I will first talk of the story and the plot. At first sight, I thought the summary was promising. A super spy with advanced technological eyes, it could be very interesting! But halfway through my reading... I realized that I hadn't got attached to the characters. Maybe the doctor who implants Horace's new prosthetic eyes, because he is the kind of cryptic character that I love, the kind you want to slap in the face because he doesn't want to give the main character (and you, the reader, by the way) the answers he seeks, but he has something of Walter Bishop, any Fringe fans here? Whatever.
Horace... well, he is the character I wanted to discover the most. But despite the way his disability his dealt with (I will talk about this in a sec), I didn't manage to sympathize with him. At first, I thought it was because he was thrown in a world and an adventure of which he knew nothing (and really Professor Cryptic didn't help) but... this phase of the story was too long to my taste. I saw Horace going from an adventure to another and he was just standing there, doing nothing. OK, he didn't know he would become a spy, and he didn't get much information on what would happen to him... But I didn't manage to go beyond this aspect of the story.
I also have to admit that the way Tony Thorne pictured Horace's disability stopped me from loving the character. I thought I would relate to him due to his disability and… I did, maybe in the first chapter or so. The fact he lost his sight when he was a teenager and depression fell over him afterwards, I can understand. The difficulty of independence when you are blind, especially at the beginning is very nerve-racking and hard on you.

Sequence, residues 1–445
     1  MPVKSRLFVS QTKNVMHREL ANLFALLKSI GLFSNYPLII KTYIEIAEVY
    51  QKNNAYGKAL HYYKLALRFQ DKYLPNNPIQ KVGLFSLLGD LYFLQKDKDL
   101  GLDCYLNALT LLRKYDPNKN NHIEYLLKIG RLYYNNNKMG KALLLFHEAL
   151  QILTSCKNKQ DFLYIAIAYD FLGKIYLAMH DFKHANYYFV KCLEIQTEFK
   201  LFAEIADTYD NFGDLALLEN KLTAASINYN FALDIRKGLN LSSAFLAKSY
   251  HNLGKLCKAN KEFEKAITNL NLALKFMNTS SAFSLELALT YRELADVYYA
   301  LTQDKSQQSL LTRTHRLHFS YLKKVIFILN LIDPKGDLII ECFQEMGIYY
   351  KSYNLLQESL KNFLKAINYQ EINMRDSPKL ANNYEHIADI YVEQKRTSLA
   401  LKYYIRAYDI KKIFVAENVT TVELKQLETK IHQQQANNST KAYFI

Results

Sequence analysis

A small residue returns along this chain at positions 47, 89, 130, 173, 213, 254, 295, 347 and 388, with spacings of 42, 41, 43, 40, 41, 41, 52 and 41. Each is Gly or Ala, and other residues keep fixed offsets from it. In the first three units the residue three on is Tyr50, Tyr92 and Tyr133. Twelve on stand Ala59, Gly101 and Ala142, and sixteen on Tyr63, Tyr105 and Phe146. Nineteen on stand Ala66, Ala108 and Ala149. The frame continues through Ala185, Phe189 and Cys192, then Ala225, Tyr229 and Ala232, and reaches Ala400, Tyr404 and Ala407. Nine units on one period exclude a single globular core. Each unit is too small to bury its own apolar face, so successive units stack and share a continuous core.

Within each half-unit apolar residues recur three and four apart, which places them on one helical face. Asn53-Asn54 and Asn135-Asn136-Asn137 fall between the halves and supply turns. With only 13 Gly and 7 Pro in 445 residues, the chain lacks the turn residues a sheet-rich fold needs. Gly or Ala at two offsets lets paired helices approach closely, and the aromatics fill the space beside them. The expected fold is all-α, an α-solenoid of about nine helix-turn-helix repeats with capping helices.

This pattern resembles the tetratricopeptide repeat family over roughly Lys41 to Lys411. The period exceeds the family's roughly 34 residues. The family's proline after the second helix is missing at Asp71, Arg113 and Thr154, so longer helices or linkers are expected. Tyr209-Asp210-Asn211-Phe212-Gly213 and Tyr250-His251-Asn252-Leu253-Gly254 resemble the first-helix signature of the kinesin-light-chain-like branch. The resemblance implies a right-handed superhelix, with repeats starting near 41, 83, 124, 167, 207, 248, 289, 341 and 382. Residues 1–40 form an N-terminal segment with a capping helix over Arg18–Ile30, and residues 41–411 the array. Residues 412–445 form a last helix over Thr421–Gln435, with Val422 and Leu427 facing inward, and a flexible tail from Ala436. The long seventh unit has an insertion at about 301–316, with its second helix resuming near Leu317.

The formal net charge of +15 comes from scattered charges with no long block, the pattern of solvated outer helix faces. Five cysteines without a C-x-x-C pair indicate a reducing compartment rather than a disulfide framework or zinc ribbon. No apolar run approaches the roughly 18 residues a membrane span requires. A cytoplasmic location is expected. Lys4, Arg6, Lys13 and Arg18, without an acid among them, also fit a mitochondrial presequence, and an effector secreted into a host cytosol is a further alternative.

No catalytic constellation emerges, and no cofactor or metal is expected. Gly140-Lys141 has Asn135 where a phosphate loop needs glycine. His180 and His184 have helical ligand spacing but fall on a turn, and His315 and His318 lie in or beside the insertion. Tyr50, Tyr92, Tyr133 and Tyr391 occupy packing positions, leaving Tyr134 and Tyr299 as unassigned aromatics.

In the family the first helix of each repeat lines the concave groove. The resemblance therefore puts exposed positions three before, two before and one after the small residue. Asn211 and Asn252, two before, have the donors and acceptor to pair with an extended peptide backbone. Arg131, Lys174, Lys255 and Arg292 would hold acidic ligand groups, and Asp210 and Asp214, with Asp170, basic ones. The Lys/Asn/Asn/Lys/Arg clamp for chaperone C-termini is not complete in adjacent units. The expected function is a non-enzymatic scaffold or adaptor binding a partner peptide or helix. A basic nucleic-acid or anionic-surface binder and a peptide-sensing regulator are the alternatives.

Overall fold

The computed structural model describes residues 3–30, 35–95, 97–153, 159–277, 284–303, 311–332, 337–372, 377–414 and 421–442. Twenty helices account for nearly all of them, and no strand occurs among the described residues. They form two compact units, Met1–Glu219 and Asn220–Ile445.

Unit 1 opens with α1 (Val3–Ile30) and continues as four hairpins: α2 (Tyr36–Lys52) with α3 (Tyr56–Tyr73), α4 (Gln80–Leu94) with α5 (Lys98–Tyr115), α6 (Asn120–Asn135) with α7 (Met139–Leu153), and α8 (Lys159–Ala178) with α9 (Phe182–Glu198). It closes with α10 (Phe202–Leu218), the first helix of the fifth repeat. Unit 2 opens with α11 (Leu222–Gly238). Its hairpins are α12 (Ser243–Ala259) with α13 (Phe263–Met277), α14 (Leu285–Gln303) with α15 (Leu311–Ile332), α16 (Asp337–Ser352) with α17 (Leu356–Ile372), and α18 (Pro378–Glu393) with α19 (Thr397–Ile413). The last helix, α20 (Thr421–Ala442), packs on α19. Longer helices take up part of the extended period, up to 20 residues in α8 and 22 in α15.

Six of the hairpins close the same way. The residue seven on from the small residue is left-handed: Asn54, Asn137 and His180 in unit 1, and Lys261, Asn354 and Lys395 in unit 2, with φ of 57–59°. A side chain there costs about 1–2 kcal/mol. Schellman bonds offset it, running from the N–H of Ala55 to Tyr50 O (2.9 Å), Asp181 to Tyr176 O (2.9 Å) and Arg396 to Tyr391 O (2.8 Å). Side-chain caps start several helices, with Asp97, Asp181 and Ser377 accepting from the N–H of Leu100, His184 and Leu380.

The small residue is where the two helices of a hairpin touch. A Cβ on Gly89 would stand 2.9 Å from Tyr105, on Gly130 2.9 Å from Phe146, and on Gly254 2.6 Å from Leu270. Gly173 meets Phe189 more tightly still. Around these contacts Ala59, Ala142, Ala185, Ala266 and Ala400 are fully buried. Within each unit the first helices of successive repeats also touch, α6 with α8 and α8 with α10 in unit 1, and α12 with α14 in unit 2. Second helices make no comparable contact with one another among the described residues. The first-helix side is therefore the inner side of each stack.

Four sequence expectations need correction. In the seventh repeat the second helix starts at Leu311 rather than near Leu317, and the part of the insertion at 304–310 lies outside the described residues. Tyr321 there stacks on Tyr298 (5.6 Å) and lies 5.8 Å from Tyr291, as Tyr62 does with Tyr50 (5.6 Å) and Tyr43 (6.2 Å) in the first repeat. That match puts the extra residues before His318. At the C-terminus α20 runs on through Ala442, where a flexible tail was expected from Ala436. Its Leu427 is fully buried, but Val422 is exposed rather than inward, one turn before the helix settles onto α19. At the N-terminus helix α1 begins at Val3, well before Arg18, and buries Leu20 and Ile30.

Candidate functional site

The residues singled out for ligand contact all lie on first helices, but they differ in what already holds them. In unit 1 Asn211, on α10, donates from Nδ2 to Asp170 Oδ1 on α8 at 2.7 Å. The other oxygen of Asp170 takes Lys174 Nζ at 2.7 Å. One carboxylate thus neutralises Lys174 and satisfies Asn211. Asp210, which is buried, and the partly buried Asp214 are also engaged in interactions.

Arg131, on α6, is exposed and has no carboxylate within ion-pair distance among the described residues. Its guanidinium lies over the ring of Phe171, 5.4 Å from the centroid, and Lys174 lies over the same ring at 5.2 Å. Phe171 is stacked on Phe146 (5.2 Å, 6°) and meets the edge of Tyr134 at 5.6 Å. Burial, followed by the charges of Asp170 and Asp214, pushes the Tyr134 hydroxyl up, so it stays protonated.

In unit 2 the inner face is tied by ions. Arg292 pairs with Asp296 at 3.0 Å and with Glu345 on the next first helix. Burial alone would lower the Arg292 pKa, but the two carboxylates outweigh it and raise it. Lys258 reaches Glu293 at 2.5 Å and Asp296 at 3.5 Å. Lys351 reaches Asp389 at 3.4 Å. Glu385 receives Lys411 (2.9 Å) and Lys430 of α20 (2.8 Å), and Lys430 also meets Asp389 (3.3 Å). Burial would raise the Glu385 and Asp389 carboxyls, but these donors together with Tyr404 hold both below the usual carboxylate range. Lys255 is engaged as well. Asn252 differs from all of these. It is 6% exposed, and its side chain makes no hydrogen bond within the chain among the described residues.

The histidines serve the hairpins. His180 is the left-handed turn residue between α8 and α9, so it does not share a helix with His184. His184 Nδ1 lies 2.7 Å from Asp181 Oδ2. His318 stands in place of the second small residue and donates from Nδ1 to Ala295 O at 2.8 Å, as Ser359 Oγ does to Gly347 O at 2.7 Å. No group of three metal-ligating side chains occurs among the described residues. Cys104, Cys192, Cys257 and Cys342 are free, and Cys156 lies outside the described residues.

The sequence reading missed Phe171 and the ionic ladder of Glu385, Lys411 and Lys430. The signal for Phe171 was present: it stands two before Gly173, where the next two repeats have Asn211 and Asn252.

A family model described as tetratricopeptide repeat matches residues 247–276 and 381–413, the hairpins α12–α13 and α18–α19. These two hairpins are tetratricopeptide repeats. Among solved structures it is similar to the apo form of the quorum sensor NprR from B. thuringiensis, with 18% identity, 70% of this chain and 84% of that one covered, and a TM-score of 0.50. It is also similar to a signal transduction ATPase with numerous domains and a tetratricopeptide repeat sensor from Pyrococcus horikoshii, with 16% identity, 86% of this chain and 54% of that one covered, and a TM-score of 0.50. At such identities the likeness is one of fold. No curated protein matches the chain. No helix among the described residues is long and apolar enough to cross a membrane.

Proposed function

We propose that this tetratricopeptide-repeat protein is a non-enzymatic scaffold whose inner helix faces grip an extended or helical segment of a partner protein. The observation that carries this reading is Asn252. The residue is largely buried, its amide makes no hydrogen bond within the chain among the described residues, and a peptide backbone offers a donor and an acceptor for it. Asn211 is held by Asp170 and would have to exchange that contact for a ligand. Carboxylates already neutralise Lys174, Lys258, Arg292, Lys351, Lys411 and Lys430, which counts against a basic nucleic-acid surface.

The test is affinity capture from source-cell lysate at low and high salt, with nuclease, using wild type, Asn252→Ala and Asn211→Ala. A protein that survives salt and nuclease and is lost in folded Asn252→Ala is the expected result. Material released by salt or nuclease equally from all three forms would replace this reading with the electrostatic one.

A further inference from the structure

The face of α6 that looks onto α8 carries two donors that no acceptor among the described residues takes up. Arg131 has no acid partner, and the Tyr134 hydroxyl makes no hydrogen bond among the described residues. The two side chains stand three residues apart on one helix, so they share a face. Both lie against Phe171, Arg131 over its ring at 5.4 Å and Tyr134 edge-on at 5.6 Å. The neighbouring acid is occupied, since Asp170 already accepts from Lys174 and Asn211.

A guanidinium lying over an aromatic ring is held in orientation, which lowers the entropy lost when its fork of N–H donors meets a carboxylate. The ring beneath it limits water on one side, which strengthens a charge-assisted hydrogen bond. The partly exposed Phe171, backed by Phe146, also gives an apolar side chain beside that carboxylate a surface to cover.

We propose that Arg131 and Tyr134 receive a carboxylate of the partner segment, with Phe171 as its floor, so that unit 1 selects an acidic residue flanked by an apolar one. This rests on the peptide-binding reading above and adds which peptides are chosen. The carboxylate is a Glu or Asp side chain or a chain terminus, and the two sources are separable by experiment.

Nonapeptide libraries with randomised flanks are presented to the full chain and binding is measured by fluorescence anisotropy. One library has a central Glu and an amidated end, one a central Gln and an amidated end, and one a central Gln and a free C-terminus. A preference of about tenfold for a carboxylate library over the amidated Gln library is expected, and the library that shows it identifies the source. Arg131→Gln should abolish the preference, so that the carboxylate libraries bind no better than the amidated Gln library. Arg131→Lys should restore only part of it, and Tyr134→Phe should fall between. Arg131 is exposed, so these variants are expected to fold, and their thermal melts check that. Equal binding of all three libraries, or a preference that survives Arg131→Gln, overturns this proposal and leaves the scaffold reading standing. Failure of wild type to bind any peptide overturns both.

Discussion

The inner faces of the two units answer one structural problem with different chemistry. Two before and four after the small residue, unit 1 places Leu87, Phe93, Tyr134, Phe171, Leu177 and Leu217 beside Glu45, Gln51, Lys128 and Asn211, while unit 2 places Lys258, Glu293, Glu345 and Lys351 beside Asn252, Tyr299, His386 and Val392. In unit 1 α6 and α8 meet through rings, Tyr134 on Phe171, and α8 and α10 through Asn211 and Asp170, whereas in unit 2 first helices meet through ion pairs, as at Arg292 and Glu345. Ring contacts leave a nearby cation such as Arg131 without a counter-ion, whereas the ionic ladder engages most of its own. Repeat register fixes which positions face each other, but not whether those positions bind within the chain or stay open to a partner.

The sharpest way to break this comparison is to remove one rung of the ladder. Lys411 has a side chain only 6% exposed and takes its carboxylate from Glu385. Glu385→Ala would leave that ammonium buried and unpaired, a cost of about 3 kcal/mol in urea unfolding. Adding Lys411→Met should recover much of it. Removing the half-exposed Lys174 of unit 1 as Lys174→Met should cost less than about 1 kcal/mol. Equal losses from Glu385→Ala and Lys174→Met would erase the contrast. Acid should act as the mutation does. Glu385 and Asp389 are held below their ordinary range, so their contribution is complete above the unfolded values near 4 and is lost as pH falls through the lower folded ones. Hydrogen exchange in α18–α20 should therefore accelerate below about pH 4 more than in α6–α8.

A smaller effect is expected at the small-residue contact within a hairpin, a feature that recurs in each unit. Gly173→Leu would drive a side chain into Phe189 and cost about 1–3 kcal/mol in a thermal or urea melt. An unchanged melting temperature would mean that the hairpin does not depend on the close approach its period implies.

But we have an eighteen-year-old character who is blind, lock himself up in his room, is wealthy and bitter against his disability. I don't understand why able authors always think that you have to be bitter when you have a disability. It's not always easy to accept it, I'm still struggling myself even after a decade, but… in four years, never Horace had sought help for independence, people who could help him to learn how to accomplish daily tasks, such as cooking, navigating with a white cane or a guide dog. He learnt Braille, at least... but once more, this is reductive for blind people. We can live on our own with some help still, but there're things we can do. We can be depressed because of sight loss but we can also obtain mental support, health care and things that sighted people have.